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Biden admin may have fed workers remain remote after pandemic, but it could create more problems

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The Biden administration is considering allowing federal employees who worked remotely from home during the COVID-19 pandemic to continue doing so permanently.

Describing it as “a sweeping cultural change that would have been unthinkable a year ago,” The Washington Post reported Monday that details of the plan are still being worked out, and it’s not clear yet how many federal workers the change, if it is enacted, would affect.

The reporter, Lisa Rein, went on to attack former President Donald Trump, writing that his administration “dialed back work-from-home programs” that expanded somewhat during the Obama years. She then falsely accused Trump of referring to all federal workers as “the swamp” when in fact that was his nickname for the political establishment.

Nevertheless, Rein said that the coronavirus has led to a reimagining of the federal workforce after it became apparent that workers could function adequately and efficiently working from home.

“Notice of the change is expected in June, when the administration is set to release long-awaited guidance to agencies about when and how many federal employees can return to the office – likely in hybrid workplaces that combine in-person and at-home options,” Rein reported, citing memos and other materials obtained by the Post. “The bulletin is expected to address remote work policies in the immediate and long term.”

A senior administration official said of the upcoming changes: “We anticipate this guidance will leave room for decision-making at departments and agencies, to provide maximum flexibility for defining work requirements to meet mission and workforce needs.”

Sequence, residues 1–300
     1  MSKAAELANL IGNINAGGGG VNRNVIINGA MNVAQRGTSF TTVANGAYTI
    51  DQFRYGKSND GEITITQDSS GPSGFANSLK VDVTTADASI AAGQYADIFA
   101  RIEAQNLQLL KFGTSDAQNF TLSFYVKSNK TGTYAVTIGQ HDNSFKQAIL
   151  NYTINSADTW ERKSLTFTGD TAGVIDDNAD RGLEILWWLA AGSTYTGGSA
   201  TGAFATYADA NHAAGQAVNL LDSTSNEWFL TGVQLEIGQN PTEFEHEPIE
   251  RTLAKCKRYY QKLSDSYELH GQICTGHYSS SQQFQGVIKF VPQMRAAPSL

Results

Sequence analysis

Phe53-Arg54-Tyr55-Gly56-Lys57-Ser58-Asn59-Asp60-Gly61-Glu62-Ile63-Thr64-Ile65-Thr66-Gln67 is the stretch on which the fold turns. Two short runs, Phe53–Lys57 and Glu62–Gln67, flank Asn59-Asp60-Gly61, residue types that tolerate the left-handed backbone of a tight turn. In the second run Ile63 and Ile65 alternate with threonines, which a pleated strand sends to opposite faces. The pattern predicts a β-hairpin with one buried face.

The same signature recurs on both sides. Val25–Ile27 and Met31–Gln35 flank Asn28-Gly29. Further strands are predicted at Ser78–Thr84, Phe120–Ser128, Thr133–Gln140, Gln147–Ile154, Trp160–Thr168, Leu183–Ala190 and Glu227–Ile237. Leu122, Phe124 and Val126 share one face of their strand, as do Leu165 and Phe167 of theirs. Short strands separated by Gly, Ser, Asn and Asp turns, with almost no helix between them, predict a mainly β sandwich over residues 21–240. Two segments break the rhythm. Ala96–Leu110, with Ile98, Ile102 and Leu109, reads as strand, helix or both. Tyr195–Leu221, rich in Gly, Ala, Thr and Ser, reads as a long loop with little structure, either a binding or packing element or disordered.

Already, some federal agencies have announced they will give current employees and future hires the option of working remotely, including the Department of Agriculture, according to Secretary Tom Vilsack who told employees during his first town hall with them in March he will allow remote work for up to four days per week.

Vilsack also said the use of remote duty stations and virtual sites would be expanded, and schedules would be flexed as well, though the department “had been the first under Trump to slash what had been a robust telework program” established during President Barack Obama’s second term, Rein reported.

“This will allow us to recruit and retain the absolute best talent, which will make USDA an employer of choice,” spokesman Matt Herrick told the paper, adding that telework requests have become the “number one question employees ask.”

How much time federal employees will be allowed to work remotely will depend on the various agencies, Rein reported. That said, many federal jobs require on-site participation and are not subject to remote working conditions.

Before the pandemic, the share of the federal workforce operating remotely was about 3 percent; that rose to 59 percent during the pandemic.

And like their private-sector colleagues, federal workers who had always reported to an office had to adjust to working from home as agencies scrambled to supply workers with the equipment they would need to do their jobs.

Having more of the 2.1 million federal employees working from home is bound to have some of the same negative effects as have occurred in the private sector. For instance, while benefits such as reduced traffic and congestion are positives, a number of businesses like local food carts, restaurants, and shops were dependent on downtown foot traffic supplied by office workers. Having more of them work remotely will impact those businesses and could lead many to close altogether.

There is also concern that keeping workers remote will lead to a glut of empty commercial real estate, leaving owners holding large mortgages with no rental income and leading to a rash of foreclosures.

As for federal workers, the Post noted there will be additional challenges.

“Agencies will … have to wrestle with how to track performance, whether to continue paying premiums for those living in expensive cities and how to be fair to those working in jobs that do not qualify for remote work,” Rein wrote.

“It’s going to give some employees a sense that there are haves and have-nots,” Jeff Neal, a former personnel chief at the Department of Homeland Security and founder of the blog ChiefHRO.com, told the paper.

“Someone commuting to an aircraft plant will think, ‘You get to sit home in your bunny slippers working at your computer, while I’m stuck in traffic on my commute,’” he added.

Jon Dougherty

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